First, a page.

During 1972’s Apollo 17 mission, astronauts collected lots of different types of rocks. When they came back to Earth, some of the rocks were frozen, to preserve volatile gases and other substances which may be in them. Other rocks remained at room temperature, for comparison.
Now in 2022, scientists are taking these rocks out of the freezer, part of an overall goal to help NASA’s return to the moon with the Artemis Program. The first step in this four-year-long process was to make a facility to process the special cold rocks for distribution to other researchers. Another problem was with the scientists working at the new facility. The cold facility requires a glovebox, which is challenging to use. The cold temperatures also produce frost, which limits visibility. The development of the facility will also help prepare equipment for returning cold samples by the Artemis missions.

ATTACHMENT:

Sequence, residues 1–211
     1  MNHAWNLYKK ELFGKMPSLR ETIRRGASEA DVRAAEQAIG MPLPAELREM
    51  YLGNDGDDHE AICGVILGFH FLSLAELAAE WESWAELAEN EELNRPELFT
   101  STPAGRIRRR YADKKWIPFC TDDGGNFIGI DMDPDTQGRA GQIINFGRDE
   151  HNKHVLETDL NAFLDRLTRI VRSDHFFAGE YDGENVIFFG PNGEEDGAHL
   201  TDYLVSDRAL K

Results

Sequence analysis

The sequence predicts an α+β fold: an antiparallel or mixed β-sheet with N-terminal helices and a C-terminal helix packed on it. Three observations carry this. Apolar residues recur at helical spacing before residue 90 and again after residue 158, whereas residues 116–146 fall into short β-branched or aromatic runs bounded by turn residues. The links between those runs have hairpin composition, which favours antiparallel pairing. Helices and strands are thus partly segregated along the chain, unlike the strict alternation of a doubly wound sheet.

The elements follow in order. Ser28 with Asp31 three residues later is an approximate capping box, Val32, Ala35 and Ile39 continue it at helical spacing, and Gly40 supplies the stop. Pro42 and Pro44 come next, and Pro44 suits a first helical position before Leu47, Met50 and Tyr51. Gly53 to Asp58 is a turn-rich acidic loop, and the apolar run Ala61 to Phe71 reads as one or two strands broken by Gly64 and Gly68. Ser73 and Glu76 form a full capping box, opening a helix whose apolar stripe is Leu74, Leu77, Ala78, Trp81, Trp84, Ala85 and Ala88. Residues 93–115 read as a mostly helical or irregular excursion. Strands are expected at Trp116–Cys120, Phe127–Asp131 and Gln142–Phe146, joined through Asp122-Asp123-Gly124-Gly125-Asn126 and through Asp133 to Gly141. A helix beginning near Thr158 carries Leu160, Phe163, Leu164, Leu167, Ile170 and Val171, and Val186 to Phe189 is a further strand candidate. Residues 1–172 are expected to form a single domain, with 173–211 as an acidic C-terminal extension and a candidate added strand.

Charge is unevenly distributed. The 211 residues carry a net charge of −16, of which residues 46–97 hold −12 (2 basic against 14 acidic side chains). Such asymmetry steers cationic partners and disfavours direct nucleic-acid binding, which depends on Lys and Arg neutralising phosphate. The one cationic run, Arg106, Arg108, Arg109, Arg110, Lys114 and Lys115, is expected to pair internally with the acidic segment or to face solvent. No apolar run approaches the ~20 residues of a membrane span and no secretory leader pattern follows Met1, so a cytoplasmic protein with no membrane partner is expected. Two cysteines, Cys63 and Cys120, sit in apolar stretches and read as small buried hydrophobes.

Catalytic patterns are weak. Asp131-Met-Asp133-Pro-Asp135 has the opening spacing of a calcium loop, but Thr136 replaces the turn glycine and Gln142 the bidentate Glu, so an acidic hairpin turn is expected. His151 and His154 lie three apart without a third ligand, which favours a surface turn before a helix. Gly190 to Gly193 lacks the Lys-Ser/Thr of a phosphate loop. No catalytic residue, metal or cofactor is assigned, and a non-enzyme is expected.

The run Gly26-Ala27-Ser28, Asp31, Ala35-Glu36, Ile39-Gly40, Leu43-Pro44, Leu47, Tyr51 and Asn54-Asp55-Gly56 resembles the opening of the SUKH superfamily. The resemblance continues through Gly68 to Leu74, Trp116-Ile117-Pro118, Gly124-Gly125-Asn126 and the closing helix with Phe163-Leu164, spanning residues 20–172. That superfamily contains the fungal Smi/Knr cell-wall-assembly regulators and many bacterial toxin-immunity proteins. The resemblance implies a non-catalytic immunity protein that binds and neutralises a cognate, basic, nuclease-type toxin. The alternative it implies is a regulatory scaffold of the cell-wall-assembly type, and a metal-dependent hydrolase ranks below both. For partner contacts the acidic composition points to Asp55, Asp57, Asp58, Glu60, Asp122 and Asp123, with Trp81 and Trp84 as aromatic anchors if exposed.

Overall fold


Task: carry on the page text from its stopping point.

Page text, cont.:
As for the types of research being done, Jamie Elsilla, a research scientist at NASA Goddard, is looking for amino acids in the frozen rocks. The team hopes to find out how they got there and where they might be in the rest of the solar system. Elsilla said: Our research goal is to identify and quantify these small organic volatile compounds, as well as any amino acids, and to use the data to understand the prebiotic organic chemistry of the Moon.
Another team also got access to the frozen Moon rocks. Specifically, the team hopes to use the relatively unchanging noble gases to understand changes to any organic material in the rocks.
Both of these teams will compare their frozen samples with the room temperature ones.
NASA Goddard press release